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Any special tools required? Thinking about tackling this myself- I am very mechanically inclined, just never done it before.. any tips/tricks etc? thanks
 

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i ride sideways
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here it is, taken from an R6 board but changing fork seals is generally universal:
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Now comes the fun/messy part. Those of you whose fork caps have threads, unscrew the cap with a socket. Be forewarned, when the threads disengage, the cap will pop out—possibly with a good deal of force. Even when you’re prepared for this, the cap can still get away from you (As one did when I was shooting pictures this project). So, keep your face out of the line of fire!

Remove the spring and any preload spacer and/or washers from the stanchion and set aside on some clean rags. Lying them in the proper order and orientation on the rags will ease reassembly. Using a small flat head screwdriver, pry the dust seal away from the top of the slider. Slip it off the top of the stanchion. Now remove the retaining ring from inside the slider just above the fork seal.

You now stand at a fork in the road. (Sorry about the pun.) To the left is the traditional means of replacing the fork seal: drain the fork, remove the damping rod bolt from the bottom of the slider, remove the damping rod, and, returning to your prehistoric roots, muscle the stanchion out of the slider. The advantage of this method is that you can actually inspect the fork bushing for signs of wear. The disadvantage is that lots of extra steps and sweat are involved. (And I’ve always felt that if I’m sweating while working on a bike, I’m doing something wrong.)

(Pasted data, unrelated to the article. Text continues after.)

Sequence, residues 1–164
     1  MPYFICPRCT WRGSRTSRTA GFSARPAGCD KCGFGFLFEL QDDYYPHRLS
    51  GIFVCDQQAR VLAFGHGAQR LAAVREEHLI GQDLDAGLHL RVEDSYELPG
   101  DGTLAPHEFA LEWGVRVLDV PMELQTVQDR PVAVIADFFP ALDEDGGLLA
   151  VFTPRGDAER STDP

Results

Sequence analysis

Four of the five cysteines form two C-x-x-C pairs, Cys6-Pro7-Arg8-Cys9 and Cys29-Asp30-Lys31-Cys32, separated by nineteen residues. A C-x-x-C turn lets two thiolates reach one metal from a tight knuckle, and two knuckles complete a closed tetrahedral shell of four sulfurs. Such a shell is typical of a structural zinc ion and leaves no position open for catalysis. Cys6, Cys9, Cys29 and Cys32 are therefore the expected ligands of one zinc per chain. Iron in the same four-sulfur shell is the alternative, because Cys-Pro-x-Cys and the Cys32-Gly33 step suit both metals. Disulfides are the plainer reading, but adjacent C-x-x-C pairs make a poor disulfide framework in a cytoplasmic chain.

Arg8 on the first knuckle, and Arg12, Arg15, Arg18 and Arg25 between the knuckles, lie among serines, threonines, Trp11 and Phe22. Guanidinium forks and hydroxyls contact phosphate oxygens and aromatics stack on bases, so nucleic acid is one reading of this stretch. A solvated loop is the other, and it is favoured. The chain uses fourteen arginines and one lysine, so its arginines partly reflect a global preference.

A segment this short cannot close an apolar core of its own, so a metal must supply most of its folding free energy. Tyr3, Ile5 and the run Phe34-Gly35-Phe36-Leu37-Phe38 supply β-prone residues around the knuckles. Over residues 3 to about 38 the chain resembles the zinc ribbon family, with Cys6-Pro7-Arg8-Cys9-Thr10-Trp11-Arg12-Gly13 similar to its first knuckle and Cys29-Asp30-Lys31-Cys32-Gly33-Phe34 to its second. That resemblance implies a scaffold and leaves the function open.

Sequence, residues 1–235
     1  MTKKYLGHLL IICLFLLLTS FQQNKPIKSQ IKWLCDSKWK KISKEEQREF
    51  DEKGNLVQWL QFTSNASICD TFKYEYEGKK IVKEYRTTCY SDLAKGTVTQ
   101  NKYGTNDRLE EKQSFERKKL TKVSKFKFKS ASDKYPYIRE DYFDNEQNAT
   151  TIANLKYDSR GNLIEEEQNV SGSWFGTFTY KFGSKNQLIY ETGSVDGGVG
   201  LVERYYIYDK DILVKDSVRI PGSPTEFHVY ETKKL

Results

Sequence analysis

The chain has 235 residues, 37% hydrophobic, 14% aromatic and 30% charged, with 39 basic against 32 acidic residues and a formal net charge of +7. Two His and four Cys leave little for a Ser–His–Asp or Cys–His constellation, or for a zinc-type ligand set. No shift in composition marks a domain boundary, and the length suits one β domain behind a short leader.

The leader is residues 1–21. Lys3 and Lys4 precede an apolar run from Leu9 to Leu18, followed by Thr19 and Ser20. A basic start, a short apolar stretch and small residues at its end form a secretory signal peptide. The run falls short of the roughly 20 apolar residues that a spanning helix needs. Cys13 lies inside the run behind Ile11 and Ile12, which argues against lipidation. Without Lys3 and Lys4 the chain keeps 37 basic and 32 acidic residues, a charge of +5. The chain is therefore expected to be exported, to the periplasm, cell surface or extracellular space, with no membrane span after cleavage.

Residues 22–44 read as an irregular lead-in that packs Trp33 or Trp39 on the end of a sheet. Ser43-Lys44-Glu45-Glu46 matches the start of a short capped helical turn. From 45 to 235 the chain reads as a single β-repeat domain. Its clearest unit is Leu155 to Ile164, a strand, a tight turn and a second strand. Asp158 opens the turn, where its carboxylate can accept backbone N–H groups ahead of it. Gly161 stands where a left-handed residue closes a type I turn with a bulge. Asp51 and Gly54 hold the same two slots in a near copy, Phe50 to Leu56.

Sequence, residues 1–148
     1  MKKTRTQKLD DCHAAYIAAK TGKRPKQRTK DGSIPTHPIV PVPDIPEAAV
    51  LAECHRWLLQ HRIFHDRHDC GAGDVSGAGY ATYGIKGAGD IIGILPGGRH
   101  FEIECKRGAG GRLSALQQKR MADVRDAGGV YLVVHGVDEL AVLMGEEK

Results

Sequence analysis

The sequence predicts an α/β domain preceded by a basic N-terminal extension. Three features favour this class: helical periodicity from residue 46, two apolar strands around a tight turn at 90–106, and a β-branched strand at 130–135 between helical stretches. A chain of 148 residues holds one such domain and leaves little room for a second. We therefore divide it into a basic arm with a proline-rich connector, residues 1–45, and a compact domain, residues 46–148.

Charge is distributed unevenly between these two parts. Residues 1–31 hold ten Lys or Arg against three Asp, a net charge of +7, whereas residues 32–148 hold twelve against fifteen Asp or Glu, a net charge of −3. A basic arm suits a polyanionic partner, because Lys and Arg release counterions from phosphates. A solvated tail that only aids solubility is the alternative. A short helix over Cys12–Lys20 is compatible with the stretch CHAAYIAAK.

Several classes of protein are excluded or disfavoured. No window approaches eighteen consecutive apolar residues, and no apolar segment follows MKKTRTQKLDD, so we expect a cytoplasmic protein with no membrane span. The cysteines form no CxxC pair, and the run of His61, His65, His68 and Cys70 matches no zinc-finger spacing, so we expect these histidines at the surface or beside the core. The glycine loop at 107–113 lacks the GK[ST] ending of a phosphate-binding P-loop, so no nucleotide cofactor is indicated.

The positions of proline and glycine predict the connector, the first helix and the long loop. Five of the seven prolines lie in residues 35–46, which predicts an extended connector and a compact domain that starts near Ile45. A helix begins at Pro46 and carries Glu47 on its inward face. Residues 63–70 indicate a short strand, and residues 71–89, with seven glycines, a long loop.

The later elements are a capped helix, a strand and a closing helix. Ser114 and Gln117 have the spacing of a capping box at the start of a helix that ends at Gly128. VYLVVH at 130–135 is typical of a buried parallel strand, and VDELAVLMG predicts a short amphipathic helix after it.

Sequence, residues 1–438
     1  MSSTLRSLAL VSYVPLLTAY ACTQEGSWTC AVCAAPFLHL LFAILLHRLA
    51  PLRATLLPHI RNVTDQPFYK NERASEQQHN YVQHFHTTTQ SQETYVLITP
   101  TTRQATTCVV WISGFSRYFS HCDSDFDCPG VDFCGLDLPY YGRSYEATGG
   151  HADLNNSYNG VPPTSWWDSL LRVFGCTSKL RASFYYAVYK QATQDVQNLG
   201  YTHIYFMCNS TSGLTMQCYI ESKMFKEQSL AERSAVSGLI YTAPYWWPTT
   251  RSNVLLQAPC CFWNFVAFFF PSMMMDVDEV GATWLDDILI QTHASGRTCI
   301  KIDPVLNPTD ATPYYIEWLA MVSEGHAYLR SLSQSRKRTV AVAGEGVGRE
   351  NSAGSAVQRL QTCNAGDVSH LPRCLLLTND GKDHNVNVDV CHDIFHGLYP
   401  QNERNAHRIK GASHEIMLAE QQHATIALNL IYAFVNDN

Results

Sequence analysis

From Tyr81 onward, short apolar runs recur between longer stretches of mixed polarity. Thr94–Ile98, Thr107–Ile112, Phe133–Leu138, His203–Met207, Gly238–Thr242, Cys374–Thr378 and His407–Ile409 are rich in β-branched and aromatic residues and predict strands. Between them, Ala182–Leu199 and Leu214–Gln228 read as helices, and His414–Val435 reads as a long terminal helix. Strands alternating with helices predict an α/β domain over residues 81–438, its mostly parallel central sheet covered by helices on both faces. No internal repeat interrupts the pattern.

So, instead, we’ll take the road less travelled. All you’ll need is some extremely cheap fresh motor oil, a catch pan, a jack, a piece of wood, and a car or truck. Fully extend the stanchion out of the slider and completely fill the fork with oil. If possible, make sure there is no air in the system. Reinstall the fork cap. You now have a closed system with nowhere for the oil to go. Lay the fork on top of the catch pan with one end against your garage door frame. Now park your car with its front wheel parallel to the door frame. Place a board across the car wheel and wedge your car’s jack between the fork and the board. Slowly extend the jack. With nowhere to go, the fork seal will push out. As soon as the seal slides out far enough that you can pry it the rest of the way with a screwdriver, stop compressing the fork, or things could get messy. See, four-wheeled vehicles are good for something!

Remove the fork cap and drain the oil into a recycling container. Pump the fork several times and drain again. Repeat this until all of the oil has been removed. Before you slide the old seal off the stanchion, note its orientation. While most fork seals look similar, their orientation can vary from model to model of motorcycle. Closely inspect the stanchion for any dings from stones. Minor ones can be cleaned up with a gentle rub of fine grit wet/dry sandpaper. Use a little WD-40 as lubricant and wrap a rag around the top of the slider to keep any grit out of the fork. Wash the stanchion with contact cleaner and a rag. If you find a major ding, take the fork to your local bike shop to have a pro look at it.